Submitted by Anonymous on Mon, 02/03/2014 - 10:48
It is with great pleasure that I announce that I’ll be delivering a comprehensive, three-hour deep-dive training session at the TechMentor 2014 conference this year. The conference will be held August 11-15, 2014 in Redmond, WA. During the session you’ll learn how to design, plan, implement, and support DirectAccess running on Windows Server 2012 R2.
Submitted by Anonymous on Tue, 01/07/2014 - 07:30
When DirectAccess was first introduced in Windows Server 2008 R2, and continuing with Forefront Unified Access Gateway (UAG) 2010 DirectAccess, there was a hard requirement for the DirectAccess server to be configured with two network interfaces; one internal, and one external. The external network interface also required two consecutive public IPv4 addresses and did not support placement behind a Network Address Translation (NAT) device.
Submitted by Anonymous on Wed, 11/06/2013 - 13:31
When deploying DirectAccess, a critical infrastructure component is the Network Location Server (NLS). The NLS is used by DirectAccess clients to determine if they are inside or outside of the corporate network. Based on NLS reachability, the DirectAccess client will decide if it should attempt to establish DirectAccess connectivity to the tunnel endpoints specified by the DirectAccess configuration. If the DirectAccess client can connect to the NLS, it assumes it is inside the corporate network and does not establish DirectAccess connectivity.
Submitted by Anonymous on Tue, 10/22/2013 - 08:37
Here at Iron Networks we deploy Microsoft DirectAccess on a near daily basis for companies all over the world. We’ve gained a tremendous amount of experience doing this, and much of what we’ve learned over the years is baked in to our DirectAccess hardware appliance platform.
Submitted by Anonymous on Tue, 10/08/2013 - 12:23
I have spoken about Microsoft DirectAccess at events all around the world and introduced this compelling remote access solution to countless IT professionals over the last few years. When I explain how this seamless and transparent, always-on remote corporate network connectivity solution works, and especially after I demonstrate it in action, I see the light come on for many when they begin to realize just how transformative DirectAccess really is.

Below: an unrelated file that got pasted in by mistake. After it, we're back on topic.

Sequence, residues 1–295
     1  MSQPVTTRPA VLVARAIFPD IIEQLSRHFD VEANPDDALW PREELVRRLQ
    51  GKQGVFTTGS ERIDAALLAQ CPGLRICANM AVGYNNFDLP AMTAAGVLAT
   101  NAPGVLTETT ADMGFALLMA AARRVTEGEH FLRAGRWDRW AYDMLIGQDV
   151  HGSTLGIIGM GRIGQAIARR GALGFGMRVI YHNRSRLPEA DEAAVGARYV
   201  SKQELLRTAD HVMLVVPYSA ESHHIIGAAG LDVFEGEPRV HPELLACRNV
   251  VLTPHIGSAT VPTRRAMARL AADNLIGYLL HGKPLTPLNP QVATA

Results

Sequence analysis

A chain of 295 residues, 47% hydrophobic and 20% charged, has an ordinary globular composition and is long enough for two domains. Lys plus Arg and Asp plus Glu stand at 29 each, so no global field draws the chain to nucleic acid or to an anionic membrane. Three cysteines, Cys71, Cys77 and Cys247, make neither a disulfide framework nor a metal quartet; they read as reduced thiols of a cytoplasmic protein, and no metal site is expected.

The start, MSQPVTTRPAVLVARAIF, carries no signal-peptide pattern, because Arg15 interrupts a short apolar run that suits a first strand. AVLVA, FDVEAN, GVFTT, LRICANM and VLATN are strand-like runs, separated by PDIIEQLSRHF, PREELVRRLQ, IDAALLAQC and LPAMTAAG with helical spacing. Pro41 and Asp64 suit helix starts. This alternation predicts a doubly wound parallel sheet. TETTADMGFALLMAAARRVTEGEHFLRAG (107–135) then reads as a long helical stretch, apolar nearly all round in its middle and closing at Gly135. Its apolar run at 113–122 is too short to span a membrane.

Submitted by Anonymous on Tue, 09/24/2013 - 12:40
One of the essential characteristics of a cloud computing infrastructure is resource pooling. A hypervisor is installed on individual systems to provide abstraction of the underlying hardware in order to provide resource pooling for compute resources. In the Microsoft Windows Server 2012 R2 operating system, the hypervisor is Hyper-V.
Submitted by Anonymous on Wed, 09/18/2013 - 10:13
Are you interested in learning about Microsoft DirectAccess, the always-on, seamless and transparent remote access feature in Windows Server 2012? Then join me on Thursday, October 3, 2013 for a webinar where I’ll describe in detail what DirectAccess is, how it functions, what the benefits are for deploying DirectAccess in terms of security and ease of use, and much more.
Submitted by Anonymous on Thu, 09/12/2013 - 08:40
When DirectAccess was first introduced as a feature of Windows Server 2008 R2, many considered the concept of always-on, secure remote access a natural evolution of traditional Virtual Private Networking (VPN) technologies. VPN had gone from being something that only IT administrators needed to provide remote support for their systems to an essential productivity tool for the modern, mobile workforce. Unfortunately, DirectAccess in Windows Server 2008 R2 was a bit ahead of its time.
Submitted by Anonymous on Wed, 09/04/2013 - 10:15
Here on the Iron Networks Cloud Infrastructure Blog we talk quite a bit about the Microsoft private cloud with Hyper-V and System Center. We’ve extolled the virtues of the Microsoft Private Cloud stack with Windows Server 2012 R2 Hyper-V and System Center 2012, the building blocks for deploying scalable, highly available systems to support agile and dynamic workloads.
Submitted by Anonymous on Wed, 08/28/2013 - 12:22
For providing secure remote access to on-premises data and applications, there’s no question that DirectAccess is the best solution. If you’ve deployed DirectAccess using Windows Server 2012 behind a Network Address Translation (NAT) device, it’s a good idea to disable any unused IPv6 transition protocols.